Good luck to you though Deb. I follow Kim’s & Steves work and live in hope. I pray that my husband will become a sincere, good and decent man of integrity one day…who knows. He’s in God’s hands.
      Perhaps Steve could tell us both what made him realise he had a problem/needed to change?
      or Kim – Can you offer any advice?

      1. Hi Kate, You can read more of our story in Back from the Looking Glass! Steve offers his perspective there too 🙂

        In the end Steve didn’t have a lot of choice. Things had become so difficult for him (when I made him face his own self created consequences) that his false pride eventually had to cave. I had become so much stronger and such a better leader in our family which I know made that choice so much easier for him.

        If you are financially reliant on your husband this may be difficult as it may be hard for him to drop his “act” of having it all together and let you lead for awhile if he has to keep up appearances in a stressful work environment. Giving him a little understanding about that pressure (while maintaining your boundaries) and finding ways to help carry that load if he drops the BS and just spends more time with you all may help build trust.

  3. And I also struggle with my codependance issues. Which while we have been seperate I I have worked on the areas you talk about. Do you have any further advice. Or do i need to let go and move on is it too late?

    Thank you Kim and Steve. ????????

  4. It would be cool if you added information about multiple sex partners and BDSM. This is a fast growing culture for NCS and autism. A place where they convince themselves that they are finding trust and love because the woman allows the abuse physically and emotionally. Polyamory is welcomed to keep the highs flowing. Then they wonder why they can’t succeed in their goals in life. Very sad stuff. False sense of power since they feel so out of power in real life. Of course it all starts with porn. The porn gets unsatisfying and they take what they see into real life trying to up that dopamine fix. I can’t imagine the fog that happens in the brain filling it with so much garbage. I think a lot of people can’t wake up. Ever.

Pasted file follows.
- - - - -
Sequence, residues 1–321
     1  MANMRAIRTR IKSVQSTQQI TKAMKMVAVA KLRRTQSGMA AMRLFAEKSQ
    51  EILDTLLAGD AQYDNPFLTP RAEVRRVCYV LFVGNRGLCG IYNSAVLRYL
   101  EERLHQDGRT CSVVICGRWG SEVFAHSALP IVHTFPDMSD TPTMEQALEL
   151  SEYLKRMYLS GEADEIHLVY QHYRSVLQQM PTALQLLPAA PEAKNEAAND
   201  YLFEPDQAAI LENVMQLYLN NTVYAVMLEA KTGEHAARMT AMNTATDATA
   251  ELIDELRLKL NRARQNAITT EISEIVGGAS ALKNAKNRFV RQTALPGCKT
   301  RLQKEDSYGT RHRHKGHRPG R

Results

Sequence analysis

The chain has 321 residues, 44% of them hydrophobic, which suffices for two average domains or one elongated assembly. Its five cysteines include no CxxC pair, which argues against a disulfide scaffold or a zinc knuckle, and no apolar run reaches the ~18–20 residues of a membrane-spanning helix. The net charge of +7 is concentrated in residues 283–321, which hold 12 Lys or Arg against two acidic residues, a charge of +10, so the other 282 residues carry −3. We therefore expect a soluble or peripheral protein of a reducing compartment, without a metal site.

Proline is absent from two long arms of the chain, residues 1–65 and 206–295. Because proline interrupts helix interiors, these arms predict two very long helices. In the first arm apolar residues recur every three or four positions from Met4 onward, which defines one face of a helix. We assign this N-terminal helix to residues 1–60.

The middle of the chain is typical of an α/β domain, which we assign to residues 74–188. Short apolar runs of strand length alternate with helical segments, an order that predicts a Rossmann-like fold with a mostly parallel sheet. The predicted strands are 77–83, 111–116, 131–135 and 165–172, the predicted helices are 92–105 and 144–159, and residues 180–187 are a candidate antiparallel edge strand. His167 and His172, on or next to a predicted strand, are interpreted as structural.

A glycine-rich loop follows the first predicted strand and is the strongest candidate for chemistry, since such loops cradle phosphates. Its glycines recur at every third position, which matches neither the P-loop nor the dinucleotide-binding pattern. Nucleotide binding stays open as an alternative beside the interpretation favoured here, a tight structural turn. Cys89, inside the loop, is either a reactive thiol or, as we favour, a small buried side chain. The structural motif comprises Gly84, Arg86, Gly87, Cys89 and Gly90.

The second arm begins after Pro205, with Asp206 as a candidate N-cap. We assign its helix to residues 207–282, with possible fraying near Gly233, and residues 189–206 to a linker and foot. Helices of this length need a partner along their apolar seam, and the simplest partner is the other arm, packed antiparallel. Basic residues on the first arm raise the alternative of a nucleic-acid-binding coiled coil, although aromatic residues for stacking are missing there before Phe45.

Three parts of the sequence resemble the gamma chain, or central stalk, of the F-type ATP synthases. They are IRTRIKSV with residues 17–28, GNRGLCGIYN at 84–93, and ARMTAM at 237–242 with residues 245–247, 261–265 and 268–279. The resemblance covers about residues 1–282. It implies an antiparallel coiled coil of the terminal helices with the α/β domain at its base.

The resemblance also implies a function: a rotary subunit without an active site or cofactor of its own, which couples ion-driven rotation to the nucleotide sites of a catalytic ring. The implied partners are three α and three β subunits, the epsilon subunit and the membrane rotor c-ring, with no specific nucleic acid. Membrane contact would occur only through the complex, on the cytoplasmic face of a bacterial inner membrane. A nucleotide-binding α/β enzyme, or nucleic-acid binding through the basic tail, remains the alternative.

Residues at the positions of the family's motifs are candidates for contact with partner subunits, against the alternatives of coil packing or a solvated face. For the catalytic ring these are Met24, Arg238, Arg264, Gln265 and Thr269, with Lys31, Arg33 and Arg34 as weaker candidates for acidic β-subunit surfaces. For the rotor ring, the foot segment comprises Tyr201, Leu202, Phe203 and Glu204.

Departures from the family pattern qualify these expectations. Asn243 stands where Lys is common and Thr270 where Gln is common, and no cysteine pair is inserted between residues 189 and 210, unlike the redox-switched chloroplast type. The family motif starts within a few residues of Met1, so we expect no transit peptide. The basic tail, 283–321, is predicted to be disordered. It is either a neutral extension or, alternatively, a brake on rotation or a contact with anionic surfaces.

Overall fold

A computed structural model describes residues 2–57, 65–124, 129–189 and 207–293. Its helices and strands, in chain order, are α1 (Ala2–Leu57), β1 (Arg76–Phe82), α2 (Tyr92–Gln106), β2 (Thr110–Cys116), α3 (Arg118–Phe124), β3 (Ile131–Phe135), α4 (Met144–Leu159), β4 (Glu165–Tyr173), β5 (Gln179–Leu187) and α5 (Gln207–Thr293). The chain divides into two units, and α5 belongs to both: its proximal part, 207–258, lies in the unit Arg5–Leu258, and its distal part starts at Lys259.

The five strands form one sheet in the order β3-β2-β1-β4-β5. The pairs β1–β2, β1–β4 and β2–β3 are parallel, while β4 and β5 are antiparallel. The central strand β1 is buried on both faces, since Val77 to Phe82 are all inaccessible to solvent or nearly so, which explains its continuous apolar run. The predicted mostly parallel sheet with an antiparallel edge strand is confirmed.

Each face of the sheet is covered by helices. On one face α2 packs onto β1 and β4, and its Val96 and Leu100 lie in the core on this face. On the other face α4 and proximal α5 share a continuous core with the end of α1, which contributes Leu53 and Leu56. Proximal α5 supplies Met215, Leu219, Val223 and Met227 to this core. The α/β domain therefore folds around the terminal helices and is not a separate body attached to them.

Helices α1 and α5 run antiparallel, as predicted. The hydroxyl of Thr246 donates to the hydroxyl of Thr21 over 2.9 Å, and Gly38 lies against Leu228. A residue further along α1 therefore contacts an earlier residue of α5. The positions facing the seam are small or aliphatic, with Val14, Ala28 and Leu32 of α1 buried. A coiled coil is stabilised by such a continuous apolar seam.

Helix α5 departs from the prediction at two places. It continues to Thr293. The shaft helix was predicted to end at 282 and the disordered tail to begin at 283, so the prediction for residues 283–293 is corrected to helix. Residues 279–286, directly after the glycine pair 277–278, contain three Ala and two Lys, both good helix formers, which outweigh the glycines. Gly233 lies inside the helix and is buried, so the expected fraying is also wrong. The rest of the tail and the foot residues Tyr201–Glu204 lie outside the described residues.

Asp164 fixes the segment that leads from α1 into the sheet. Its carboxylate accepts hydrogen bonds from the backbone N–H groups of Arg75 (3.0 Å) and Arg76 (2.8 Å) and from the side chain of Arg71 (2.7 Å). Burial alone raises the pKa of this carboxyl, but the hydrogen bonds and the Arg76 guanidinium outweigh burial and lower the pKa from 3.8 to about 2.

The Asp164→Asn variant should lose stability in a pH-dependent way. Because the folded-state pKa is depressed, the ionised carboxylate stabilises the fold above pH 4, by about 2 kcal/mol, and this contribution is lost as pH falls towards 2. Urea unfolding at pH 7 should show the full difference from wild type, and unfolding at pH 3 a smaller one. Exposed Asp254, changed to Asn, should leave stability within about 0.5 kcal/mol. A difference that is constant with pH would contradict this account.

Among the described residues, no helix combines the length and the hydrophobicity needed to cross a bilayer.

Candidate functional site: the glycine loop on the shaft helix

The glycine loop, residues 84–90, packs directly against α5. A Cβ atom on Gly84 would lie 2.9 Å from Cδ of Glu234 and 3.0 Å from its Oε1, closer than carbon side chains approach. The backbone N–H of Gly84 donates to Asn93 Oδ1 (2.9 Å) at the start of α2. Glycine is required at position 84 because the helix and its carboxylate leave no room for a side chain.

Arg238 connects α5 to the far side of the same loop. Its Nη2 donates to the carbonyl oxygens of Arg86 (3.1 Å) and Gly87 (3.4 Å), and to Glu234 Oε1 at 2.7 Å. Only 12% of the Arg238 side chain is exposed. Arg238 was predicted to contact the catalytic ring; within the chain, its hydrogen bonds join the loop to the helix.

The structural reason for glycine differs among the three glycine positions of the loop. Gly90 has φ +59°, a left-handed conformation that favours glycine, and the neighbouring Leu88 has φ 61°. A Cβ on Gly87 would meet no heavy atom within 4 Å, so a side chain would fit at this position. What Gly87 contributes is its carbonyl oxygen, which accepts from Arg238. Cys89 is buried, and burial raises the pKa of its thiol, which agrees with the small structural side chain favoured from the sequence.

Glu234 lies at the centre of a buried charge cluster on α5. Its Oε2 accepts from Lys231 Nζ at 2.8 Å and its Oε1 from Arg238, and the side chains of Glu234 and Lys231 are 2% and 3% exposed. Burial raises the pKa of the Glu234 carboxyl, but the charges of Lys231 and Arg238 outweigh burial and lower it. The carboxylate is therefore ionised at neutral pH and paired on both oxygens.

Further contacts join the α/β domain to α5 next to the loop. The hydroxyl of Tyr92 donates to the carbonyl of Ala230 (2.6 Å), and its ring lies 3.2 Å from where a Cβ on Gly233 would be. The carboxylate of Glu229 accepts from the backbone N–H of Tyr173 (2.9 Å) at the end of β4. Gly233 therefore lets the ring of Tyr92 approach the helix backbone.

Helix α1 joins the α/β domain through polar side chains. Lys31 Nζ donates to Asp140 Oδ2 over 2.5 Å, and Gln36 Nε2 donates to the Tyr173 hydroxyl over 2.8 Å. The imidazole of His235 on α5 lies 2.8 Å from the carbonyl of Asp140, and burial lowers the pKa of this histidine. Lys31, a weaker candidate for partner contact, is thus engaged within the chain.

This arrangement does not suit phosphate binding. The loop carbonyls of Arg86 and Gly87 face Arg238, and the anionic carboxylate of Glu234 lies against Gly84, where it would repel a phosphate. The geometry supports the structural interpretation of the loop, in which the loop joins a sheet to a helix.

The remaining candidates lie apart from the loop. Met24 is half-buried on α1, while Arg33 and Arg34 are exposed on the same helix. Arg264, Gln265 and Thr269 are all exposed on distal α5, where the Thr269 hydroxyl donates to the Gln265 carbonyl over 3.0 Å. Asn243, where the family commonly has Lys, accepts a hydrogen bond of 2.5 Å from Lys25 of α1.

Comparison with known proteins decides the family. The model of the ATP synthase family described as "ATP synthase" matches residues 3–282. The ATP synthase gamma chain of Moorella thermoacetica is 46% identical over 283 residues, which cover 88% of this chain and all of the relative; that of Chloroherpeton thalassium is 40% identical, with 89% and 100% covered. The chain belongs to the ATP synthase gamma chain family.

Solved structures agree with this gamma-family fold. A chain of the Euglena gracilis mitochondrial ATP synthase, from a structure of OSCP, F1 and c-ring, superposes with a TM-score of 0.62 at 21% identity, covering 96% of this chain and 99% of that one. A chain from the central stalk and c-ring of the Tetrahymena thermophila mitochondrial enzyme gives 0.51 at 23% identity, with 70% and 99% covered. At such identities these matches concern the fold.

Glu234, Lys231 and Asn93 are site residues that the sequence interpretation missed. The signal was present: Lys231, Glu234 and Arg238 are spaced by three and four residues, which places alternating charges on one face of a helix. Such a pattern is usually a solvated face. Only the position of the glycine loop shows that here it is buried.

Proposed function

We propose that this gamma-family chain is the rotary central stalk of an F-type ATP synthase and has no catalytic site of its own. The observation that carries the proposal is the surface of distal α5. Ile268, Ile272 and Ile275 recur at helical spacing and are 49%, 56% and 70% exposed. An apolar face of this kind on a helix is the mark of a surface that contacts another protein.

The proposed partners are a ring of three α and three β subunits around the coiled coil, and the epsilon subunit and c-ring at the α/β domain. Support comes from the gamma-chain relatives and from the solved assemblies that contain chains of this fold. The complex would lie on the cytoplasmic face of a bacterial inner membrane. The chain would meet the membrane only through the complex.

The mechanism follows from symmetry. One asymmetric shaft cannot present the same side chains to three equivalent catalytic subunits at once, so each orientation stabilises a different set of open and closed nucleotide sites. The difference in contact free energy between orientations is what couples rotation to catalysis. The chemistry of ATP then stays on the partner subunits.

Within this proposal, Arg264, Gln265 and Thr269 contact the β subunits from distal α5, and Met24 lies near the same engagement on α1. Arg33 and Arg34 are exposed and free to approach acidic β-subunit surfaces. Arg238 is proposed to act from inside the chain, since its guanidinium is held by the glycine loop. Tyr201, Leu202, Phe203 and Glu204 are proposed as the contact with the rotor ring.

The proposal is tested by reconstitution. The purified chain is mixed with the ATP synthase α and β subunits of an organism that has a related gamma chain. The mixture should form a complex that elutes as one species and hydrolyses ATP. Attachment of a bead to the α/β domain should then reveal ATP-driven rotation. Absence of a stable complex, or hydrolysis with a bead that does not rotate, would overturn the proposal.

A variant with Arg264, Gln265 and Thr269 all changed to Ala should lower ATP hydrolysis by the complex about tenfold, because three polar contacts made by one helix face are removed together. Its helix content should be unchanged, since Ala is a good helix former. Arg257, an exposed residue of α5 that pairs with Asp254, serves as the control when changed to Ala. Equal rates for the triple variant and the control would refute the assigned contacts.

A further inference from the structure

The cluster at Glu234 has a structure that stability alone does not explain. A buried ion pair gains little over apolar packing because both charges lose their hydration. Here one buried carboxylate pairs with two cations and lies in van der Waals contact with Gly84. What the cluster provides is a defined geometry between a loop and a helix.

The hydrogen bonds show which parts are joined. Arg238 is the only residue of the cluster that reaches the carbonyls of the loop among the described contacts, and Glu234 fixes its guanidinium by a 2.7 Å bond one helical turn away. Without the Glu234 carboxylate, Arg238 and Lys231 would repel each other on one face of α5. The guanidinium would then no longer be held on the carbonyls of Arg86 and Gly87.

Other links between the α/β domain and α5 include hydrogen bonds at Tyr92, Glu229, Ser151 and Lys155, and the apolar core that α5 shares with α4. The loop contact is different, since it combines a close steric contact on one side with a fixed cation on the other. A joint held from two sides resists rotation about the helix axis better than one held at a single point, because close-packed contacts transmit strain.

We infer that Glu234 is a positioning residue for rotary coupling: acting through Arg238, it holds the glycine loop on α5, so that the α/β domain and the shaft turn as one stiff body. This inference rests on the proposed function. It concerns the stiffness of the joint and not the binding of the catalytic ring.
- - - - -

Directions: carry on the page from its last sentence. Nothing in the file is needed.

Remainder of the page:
1. Sounds like a very sad place Kimberly. Unfortunately we have no direct experience with this world and so it may be hard to offer comprehensive help. Still I will certainly keep my eyes out for relevant research 🙂

    2. Kimberly, I believe I’m married to a covert narcissist. Her problem is serious, but I’m the one who’s had the porn problem. It was baffling me too. The kind of porn I wanted was so completely unlike me. I would never be cruel, force myself on someone, hurt someone. It was driving me crazy. A feeling of true Jekel and Hyde. I ask myself, do I have narcissistic tendencies? And I think the answer is yes. But I am also very emotional, very empathetic. Sometimes I’ll go back to insensitive things I’ve done in the past and grieve over them. Things most people would probably consider minor. But the link between the sex fantasies and the feeling of control is what hits home to me about your post. Yes, I think you’re on to something. The wounded self is hiding from pain. The wounded self is angry at those who they believe caused the pain. Cruelty in sex, even if only ‘pretend,’ briefly restores a sense of control, a kind of false justice. That’s what’s really feeding the addiction. Not the dopamine, though that strengthens the pull. But in the end in only increases the self-loathing. You cannot accept you are that person, so you run deeper inside to hide from even greater pain, like a twilight zone episode that never ends. The only way out is to stop running, and face the pain. The real pain, not the pretend stuff. So what happens in a marriage between two borderline narcs? Lots of pain. It all makes sense now.